Obviously, if WDW is underwater, destroyed by hurricanes, etc., there's a problem. It's a problem that's relatively easy to anticipate, unpleasant to think about, but I don't know that anyone would feel that Disney had somehow screwed them if this happened. How are DVC owners going to feel if one of these other scenarios happens? Who is thinking about this?

Do they have a plan?

Florida Real Estate: DVC Part 2

One more look at that diagram:

DVC -> TimeShare Exchange (think Interval International, which DVC gets you access to for a fee) -> TimeShare -> Condo -> Land

In principle, moving _back down_ on this tree should save you money, at the cost of some non-substitutable attribute which is the basis for the increased value used to justify purchasing DVC. If it's _really_ like the refis, there might not be a "real" basis for "increased" value; it could just be a big ole scam. Remember, we're talking about real estate.

In Florida.

But let's have a good hard look at what Disney is offering in the way of non-substitutables.

(1) "Home" resort (the one you buy your points in, which is why a point in one resort, like Vero Beach, may be a lot cheaper than a point in another resort, like Wilderness Lodge) gets you the right to make reservations 11 months in advance of stay.

(2) Being in DVC gets you the right to make reservations 7 months in advance of stay.

I'm betting that Interval members who point into DVC get 6 months, but who knows.

You can (in theory) rent the units in DVC properties for dollars, but actually lining up dates is really amazingly tricky (altho that could change if Disney winds up sitting on a lot of resale points they bought back to support the market). When you buy into DVC (minimum of 160 points in general, 100 in Animal Kingdom on a special -- hmmm, do you think that reflects current economic realities?), you're basically spending (not financed) $16K+ for the right to jump the line. (Disney offers financing, as do some resellers. The financing rates scream chump.)

Kinda like FastPasses, in a way.

DVC resorts are also (almost) the only way to get a full kitchen on-site at WDW.

It's not clear that Disney had a solid handle on what the appealing selling points of DVC were when it started them back in 199x with what is now Old Key West resort. On property, kitchens, game rooms, etc. were clearly understood as desirable. But virtually all the DVC properties have been well away from MK, and the price differential in favor of Wilderness Lodge indicates that was maybe not the best plan. Bay Lake Towers (formerly known as Kingdom Towers -- makes you wonder what they were thinking with _that_ name), a timeshare property associated with the Contemporary Resort (first stop on the monorail) is apparently an attempt to correct this issue.

Ah, the temptation: drive-til-you-qualify led to sprawl and now, with the blah blah blah, everyone wants to be close-in and on public transportation. It is to laugh. While we're laughing, Disney is really working hard to make it so you _don't_ have to have a rental car if you stay on site: they'll bus you and truck your luggage from the airport; they'll bus you around the resort (or boat you, or monorail you); they'll schlep your purchases from the souvenir stand to your room, etc.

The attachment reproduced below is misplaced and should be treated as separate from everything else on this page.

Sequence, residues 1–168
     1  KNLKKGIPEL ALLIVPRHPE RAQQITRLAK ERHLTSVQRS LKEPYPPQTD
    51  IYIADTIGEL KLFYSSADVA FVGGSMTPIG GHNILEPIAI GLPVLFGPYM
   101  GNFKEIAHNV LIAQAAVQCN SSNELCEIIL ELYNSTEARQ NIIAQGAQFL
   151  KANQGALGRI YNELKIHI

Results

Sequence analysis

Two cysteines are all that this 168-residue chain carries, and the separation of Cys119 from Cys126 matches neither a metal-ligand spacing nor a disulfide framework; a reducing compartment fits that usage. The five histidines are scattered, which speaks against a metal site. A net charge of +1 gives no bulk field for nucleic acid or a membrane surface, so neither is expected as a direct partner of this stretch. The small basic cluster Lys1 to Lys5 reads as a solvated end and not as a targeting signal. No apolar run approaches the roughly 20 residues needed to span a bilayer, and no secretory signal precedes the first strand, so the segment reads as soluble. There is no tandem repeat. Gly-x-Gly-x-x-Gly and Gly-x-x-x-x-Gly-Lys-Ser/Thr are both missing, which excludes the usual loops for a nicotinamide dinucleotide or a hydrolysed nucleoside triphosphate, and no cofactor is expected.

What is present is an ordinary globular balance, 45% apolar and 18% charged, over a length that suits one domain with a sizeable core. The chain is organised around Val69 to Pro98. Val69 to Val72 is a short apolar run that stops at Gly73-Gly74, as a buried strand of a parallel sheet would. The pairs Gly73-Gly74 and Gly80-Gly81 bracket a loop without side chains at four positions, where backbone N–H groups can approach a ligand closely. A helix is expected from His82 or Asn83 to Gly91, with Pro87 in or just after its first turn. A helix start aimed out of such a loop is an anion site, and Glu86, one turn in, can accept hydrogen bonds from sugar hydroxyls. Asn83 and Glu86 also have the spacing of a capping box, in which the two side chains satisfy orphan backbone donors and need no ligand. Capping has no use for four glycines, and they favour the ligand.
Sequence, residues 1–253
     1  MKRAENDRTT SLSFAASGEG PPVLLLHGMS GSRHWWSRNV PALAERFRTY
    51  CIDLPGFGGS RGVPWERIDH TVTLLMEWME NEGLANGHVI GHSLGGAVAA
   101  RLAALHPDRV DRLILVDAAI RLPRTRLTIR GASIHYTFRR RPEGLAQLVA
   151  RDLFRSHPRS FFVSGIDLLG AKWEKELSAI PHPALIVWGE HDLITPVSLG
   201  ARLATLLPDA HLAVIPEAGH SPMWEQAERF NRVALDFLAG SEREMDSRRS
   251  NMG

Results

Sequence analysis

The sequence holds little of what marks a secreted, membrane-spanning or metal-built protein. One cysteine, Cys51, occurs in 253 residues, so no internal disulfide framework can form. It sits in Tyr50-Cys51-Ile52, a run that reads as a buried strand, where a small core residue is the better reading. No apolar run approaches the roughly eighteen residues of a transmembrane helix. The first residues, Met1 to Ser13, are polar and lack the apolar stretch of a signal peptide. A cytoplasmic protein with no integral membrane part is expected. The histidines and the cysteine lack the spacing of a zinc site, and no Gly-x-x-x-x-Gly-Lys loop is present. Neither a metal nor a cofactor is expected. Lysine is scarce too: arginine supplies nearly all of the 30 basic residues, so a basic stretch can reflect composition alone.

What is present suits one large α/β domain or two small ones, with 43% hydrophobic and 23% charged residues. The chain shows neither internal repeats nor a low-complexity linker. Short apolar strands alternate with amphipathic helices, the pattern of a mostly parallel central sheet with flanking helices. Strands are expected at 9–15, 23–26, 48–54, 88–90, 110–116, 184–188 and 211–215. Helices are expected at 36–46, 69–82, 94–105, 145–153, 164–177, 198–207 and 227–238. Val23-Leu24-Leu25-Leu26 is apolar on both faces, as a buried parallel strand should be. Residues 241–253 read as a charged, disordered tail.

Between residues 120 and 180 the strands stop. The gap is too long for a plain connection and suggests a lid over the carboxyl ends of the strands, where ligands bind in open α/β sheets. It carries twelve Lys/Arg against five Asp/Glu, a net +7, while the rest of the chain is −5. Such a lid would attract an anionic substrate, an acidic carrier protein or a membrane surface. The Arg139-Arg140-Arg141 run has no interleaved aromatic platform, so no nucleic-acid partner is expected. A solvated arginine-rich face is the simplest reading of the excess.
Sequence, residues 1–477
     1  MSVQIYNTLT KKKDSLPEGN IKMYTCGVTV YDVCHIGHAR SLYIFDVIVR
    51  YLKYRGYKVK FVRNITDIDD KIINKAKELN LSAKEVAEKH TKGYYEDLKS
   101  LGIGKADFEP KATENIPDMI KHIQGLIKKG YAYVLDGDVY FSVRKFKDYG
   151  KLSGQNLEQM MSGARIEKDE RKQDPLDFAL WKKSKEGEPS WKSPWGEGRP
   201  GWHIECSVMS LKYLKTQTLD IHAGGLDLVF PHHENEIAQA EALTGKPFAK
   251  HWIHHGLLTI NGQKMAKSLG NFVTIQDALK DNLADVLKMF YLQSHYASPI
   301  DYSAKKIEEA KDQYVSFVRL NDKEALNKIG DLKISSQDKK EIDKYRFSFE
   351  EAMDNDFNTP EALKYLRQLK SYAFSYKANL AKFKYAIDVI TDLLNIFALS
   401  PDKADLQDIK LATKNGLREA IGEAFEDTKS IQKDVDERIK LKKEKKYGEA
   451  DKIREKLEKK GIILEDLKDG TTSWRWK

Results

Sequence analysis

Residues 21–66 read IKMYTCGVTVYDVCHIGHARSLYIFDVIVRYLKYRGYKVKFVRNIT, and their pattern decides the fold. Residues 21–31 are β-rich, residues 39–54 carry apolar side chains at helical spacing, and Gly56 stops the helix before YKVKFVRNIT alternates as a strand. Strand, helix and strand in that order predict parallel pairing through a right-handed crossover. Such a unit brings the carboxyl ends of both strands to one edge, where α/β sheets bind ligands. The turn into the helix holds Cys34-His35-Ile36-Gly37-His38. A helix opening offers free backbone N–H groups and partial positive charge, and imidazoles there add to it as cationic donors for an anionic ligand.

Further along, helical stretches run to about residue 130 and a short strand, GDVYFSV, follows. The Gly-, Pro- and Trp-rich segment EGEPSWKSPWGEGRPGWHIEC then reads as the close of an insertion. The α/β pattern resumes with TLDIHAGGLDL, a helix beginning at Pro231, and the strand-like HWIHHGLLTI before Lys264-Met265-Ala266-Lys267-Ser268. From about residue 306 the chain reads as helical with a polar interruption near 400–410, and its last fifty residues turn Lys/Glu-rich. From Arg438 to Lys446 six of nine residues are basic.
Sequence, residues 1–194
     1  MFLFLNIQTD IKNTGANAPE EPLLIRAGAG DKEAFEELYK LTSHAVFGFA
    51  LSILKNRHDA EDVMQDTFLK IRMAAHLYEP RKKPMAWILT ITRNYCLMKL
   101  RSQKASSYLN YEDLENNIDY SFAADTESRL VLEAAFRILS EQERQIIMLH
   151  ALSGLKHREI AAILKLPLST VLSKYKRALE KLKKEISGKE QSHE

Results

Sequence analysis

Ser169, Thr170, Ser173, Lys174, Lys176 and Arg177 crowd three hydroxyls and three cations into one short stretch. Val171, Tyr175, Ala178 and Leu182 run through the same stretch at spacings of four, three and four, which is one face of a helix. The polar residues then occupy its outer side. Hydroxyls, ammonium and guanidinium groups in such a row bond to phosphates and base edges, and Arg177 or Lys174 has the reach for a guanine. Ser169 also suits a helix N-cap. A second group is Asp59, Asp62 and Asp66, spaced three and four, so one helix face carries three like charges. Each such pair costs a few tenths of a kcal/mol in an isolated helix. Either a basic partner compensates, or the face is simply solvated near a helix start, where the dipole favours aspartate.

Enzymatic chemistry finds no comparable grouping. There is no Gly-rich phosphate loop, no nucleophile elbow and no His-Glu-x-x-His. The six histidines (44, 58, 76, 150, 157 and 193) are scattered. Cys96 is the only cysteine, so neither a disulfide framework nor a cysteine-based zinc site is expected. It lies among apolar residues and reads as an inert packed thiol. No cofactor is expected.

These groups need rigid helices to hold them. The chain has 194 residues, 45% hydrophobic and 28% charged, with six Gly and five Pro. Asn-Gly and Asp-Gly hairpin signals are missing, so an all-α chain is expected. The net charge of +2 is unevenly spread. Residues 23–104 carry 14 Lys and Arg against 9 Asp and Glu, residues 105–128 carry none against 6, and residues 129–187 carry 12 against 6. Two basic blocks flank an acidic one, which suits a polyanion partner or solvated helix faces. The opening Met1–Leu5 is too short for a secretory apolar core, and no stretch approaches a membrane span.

BLT is expected to charge a substantial point premium compared to the other DVC properties; I'll put my guess in now at 2x.

When you ask on Disney discussion boards (not official Disney) about where to stay that has a full kitchen and 1-2 bedrooms (there are a lot of families out there with a similar travel strategy -- I didn't have to actually post to see this question. Repeatedly.), what you get are a lot of people plugging renting at Windsor Hills. Even when people specifically say, _NO_, I want a suites hotel with a breakfast buffet, a full kitchen, 1-2 bedrooms and daily service for the room, you get people plugging Windsor Hills. And it is not hard to see why. The travel distance is roughly comparable (since at the locations in question, the dominant time-cost is parking/tram/monorail to get to MK) between hotels and WH, and WH is way cheaper than off-site suites hotels (well, comparable to Enclave; way cheaper than anything else with a kitchen). The comparison to staying in a DVC property is laughable -- it would cost you 4x-8x to reproduce with dollars on property what you get at WH (and as noted above, tough to get that reservation at all). This is a relatively good reflection of the above diagram getting cheaper as you pass through the stages.

Where does a hotel fall on that diagram? Given that WH seems to be a whole lot of investment/vacation rentals owned singly or in small groups by individuals, I'd say the hotels just look like the same, with a larger staff and therefore higher costs.

There are some interesting little cul-de-sacs in this space. You can rent timeshare weeks (floating or fixed). You can rent DVC points. At least with DVC, there's substantial risk on both sides of the transaction so trust is required -- that makes them a little less liquid/fungible than they might otherwise be. Disney will also let you "not use" your points to offset financing charges and possibly annual dues. At least, I _think_ that's why I understood. There's also a bank/borrow set up so you could vacation every other year or every third year in a very luxe way with a lot fewer points.